What is the length of the foot of your genoa? With the mast set back behind the keel on the new Admiralty 30, the foot is now 12'. Plus with a higher mast, the I dimension is higher. The sail area of the jib is now 15 sq. mtr.

#37 foredeckhell

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Posted 27 February 2007 - 01:47 AM

I likey the new js. It's a nice update.

#38 Geronimo

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Posted 27 February 2007 - 02:16 AM

What is the length of the foot of your genoa? With the mast set back behind the keel on the new Admiralty 30, the foot is now 12'. Plus with a higher mast, the I dimension is higher. The sail area of the jib is now 15 sq. mtr.


I dont have the exact measurements right now but I will post them soon. The jib in that picture above was the prototype sail that we had the Quantum loft here in New Orleans cut down from a Ranger 29 155% genoa. The actual race sail is a Quantum but it is slightly flatter and shorter foot length.

#39 glug

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Posted 27 February 2007 - 03:11 AM

I likey the new js. It's a nice update.

Me too. Now lets standardise this! NO MORE CHANGES! ONE DESIGN RACING PLEASE!

Give the punters some confidence they wont have to upgrade every 3 years.

#40 Geronimo

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Posted 27 February 2007 - 04:38 AM

pics

Attached Files



#41 Turkey Slapper

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Posted 27 February 2007 - 01:44 PM

Just about every pic you see of these things going upwind they are on there ear.

Hike Bitches!

#42 spillinmyRUM

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Posted 27 February 2007 - 03:27 PM

thats how it likes to go upwind, flat is slow for that boat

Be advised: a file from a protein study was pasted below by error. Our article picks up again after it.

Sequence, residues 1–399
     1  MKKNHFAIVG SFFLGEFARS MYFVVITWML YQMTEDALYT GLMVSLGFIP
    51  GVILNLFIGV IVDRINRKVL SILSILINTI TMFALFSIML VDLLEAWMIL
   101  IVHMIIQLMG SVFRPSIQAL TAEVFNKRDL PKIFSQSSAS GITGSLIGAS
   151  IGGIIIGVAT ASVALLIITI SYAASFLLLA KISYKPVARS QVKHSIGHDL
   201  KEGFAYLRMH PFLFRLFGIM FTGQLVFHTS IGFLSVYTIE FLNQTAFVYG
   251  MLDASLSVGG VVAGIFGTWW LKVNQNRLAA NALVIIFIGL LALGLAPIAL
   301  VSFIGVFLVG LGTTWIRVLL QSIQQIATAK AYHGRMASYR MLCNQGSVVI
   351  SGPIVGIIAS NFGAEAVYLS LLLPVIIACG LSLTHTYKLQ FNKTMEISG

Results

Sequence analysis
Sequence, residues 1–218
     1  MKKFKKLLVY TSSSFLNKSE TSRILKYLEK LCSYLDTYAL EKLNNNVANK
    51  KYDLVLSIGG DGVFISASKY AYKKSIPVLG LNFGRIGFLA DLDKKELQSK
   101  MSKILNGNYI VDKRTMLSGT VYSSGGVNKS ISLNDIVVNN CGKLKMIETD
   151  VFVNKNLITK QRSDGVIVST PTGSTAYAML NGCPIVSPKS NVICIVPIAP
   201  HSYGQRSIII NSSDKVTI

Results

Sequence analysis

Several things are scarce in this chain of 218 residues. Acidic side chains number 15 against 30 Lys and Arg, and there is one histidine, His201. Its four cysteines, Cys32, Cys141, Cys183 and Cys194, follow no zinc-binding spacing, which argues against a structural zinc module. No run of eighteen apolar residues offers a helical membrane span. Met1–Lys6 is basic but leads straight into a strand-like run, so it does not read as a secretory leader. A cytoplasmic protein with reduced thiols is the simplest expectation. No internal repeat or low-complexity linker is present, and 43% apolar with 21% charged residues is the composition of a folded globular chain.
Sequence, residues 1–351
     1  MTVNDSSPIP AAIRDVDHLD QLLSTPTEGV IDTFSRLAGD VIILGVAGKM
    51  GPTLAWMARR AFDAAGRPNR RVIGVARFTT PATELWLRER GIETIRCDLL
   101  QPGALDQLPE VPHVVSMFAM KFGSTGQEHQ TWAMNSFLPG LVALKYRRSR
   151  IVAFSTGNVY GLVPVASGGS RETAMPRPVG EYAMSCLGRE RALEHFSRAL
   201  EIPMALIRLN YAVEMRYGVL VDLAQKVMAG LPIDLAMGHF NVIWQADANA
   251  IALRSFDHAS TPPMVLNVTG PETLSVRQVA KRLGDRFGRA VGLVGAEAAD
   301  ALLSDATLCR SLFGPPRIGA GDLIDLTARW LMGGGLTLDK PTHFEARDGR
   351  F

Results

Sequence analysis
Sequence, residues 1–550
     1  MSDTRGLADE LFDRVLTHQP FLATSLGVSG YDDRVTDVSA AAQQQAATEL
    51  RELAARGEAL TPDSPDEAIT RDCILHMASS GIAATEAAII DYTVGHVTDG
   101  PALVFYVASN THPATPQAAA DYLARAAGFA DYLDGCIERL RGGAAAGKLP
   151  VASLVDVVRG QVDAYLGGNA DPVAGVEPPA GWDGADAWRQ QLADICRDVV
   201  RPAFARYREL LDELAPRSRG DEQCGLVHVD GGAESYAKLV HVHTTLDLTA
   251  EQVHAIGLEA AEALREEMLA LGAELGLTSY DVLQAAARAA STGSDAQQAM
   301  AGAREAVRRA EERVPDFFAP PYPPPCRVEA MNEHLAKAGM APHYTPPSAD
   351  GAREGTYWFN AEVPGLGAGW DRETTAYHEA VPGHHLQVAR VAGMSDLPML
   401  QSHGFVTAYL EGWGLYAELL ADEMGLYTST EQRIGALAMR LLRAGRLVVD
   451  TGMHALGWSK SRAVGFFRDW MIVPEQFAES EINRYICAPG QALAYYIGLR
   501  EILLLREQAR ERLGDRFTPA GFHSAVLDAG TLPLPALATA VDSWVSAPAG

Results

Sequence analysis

#43 GybeSetŪ

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Posted 27 February 2007 - 05:27 PM

Just about every pic you see of these things going upwind they are on there ear.

Hike Bitches!

take it fr me Turks
It's UW performance is best when pressured

figure this for different, your'e gunnel Posi when it heels further is actually tilting to WELL to leeward, the stronger it blows, not alot of hiking gain/leverage there, especially when you consider a bulb 7-8 times your mass is way out to weather of you

simply there is no other way, it's a different concept, unlike other boats heeling is not the end of the world, rather designed that way

initially tender ( no form stability (via width) is detectable),

utimately quite stiff (v healthy size bulb at more plenty mo' draft the others)

it'll flop over, then virtually resist going much further,

#44 Bill J

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Posted 27 February 2007 - 06:15 PM

To give an idea of how long the keel is, here's a picture (hopefully) of my boat's keel getting ready for the boat to be lifted on it. It is on about 8" blocks.
Attached File  Keel.jpg   45.84K   55 downloads

#45 Bill J

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Posted 27 February 2007 - 06:22 PM

Here's another shot showing the boat being moved into position over the keel. This took place yesterday (Monday).
Attached File  Boat_over_keel.jpg   52.78K   82 downloads

#46 Bill J

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Posted 27 February 2007 - 06:27 PM

Last shot. The keel is up about 2/3. Note the keel crane. It leads to a turning block at the chainplate and from there to the winch.Attached File  Keel_in_place.jpg   49.2K   89 downloads

#47 hard aground

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Posted 27 February 2007 - 06:34 PM

Love the name Bill.

#48 Bill J

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Posted 27 February 2007 - 06:46 PM

I can always give credit to, or blame, my "despicable" crew, sails, boat, skill, strategy, whatever. What a maroon!

#49 FORSAIL

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Posted 27 February 2007 - 06:48 PM

Here in New Orleans our JS9000 with our genoa rates 84. We received a 3 second hit for adding the sail to our inventory.





GYA PHRF has the boat rated at 90.



Interesting logic in giving a 3 sec penalty for adding a larger jib. What is it? 100%? 110%?

The standard jib on a JS9000 is 80%. Isn't PHRF is supposed to allow up to 155%?

#50 Geronimo

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Posted 27 February 2007 - 07:02 PM

GYA PHRF has the boat rated at 90.